Opportunity's Fast Progress Southward, Sol 414
August 18, 2005
As of the Mars Exploration Rover Opportunity's 414th martian day, or sol, (March 24, 2005), the robot had driven a total of 4.81 kilometers (2.99 miles) since landing. This map shows the portion of rover's route after Opportunity finished examining its jettisoned heat shield on sol 357 (Jan. 24, 2005). In this two-month period, Opportunity drove 2.69 kilometers (1.67 miles). As landmarks along the route, it used craters that the rover team informally named for ships of historic voyages of exploration. Scientists are eager for Opportunity to reach an area farther south called the "Etched Terrain," which appears mottled in the map's base images and might offer access to different layers of bedrock than what the rover has seen so far. This traverse map is overlaid on a mosaic of images from the Mars Global Surveyor and Mars Odyssey orbiters and from Opportunity's descent camera. The scale bar at lower left is 1 kilometer (0.62 mile) long.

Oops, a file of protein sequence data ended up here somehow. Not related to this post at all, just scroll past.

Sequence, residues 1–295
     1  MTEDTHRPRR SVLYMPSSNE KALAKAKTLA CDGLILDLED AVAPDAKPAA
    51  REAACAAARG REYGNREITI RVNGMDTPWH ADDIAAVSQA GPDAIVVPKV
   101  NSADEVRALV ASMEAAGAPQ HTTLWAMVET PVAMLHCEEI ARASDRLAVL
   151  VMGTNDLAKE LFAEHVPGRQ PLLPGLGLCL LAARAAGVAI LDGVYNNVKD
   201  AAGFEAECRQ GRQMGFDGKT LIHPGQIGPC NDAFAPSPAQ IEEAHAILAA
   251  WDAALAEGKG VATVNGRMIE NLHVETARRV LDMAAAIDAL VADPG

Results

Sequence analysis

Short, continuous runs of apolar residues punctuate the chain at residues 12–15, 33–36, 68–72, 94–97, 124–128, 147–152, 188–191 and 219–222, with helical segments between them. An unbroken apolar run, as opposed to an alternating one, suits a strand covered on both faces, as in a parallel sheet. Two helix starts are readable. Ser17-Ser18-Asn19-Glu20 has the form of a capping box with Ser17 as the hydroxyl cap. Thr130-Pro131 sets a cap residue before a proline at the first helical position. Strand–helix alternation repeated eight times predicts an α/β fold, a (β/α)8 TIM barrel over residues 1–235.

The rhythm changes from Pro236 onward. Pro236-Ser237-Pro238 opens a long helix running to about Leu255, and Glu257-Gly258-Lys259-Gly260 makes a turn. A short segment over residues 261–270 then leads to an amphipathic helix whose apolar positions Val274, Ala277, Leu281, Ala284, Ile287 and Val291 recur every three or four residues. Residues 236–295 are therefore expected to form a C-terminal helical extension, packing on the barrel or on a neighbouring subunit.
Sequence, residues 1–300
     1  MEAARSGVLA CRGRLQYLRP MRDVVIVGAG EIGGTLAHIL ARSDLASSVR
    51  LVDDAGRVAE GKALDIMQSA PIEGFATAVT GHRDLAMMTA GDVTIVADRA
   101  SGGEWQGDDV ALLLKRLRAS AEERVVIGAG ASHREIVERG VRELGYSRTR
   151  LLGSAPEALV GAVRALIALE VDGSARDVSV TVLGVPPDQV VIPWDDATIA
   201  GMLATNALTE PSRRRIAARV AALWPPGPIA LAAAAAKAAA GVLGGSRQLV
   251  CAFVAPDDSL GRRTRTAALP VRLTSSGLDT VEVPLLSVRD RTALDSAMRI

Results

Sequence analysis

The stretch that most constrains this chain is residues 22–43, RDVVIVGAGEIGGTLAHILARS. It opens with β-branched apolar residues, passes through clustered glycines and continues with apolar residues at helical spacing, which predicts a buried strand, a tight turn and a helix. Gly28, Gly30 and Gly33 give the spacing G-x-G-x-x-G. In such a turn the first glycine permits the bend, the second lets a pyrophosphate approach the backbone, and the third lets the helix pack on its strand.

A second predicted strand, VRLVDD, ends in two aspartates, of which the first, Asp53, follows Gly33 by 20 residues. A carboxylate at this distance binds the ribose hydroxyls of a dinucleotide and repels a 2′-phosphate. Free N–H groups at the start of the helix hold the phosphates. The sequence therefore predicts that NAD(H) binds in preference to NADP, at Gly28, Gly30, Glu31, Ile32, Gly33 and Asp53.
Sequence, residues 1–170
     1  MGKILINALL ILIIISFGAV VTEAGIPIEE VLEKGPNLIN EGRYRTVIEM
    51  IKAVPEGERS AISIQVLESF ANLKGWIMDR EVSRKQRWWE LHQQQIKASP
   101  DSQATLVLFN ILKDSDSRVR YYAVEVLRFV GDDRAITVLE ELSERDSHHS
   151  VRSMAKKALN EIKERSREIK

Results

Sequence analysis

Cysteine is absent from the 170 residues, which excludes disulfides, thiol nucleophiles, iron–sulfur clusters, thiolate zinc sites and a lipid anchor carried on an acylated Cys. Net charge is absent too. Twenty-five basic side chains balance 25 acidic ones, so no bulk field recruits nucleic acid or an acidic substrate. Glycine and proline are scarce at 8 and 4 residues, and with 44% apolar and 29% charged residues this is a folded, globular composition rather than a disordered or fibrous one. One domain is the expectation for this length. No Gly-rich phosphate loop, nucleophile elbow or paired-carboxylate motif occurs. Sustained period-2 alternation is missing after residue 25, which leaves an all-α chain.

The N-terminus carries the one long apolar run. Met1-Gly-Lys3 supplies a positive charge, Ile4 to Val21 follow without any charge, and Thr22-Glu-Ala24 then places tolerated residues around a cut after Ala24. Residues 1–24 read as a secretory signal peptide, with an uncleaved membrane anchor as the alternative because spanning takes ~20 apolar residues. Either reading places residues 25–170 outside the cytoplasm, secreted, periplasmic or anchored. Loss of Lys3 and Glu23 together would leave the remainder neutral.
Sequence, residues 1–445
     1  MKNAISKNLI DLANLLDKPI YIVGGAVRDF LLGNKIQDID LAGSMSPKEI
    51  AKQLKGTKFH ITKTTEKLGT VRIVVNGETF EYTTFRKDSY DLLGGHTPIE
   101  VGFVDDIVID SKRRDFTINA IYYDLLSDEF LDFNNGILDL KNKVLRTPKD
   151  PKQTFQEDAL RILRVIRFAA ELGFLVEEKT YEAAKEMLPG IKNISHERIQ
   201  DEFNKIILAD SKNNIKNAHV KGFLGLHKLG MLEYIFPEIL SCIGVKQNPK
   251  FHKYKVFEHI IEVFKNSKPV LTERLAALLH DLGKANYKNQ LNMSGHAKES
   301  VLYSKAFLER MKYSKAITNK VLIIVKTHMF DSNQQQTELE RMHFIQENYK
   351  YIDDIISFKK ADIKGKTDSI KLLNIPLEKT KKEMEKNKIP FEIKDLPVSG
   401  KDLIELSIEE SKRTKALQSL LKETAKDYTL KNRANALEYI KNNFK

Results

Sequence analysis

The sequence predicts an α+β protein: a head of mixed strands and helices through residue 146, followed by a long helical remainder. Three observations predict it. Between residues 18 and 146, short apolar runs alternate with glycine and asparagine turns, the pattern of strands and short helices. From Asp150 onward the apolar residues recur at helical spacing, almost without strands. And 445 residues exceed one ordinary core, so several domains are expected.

Topics: Mars, Spacecraft, Space exploration, Mars Global Surveyor, Comparison of embedded computer systems on board the Mars rovers, Endeavour, Rover, Opportunity rover, Margaritifer Sinus quadrangle, Mars Exploration Rover, Exploration of Mars, Victoria, Environment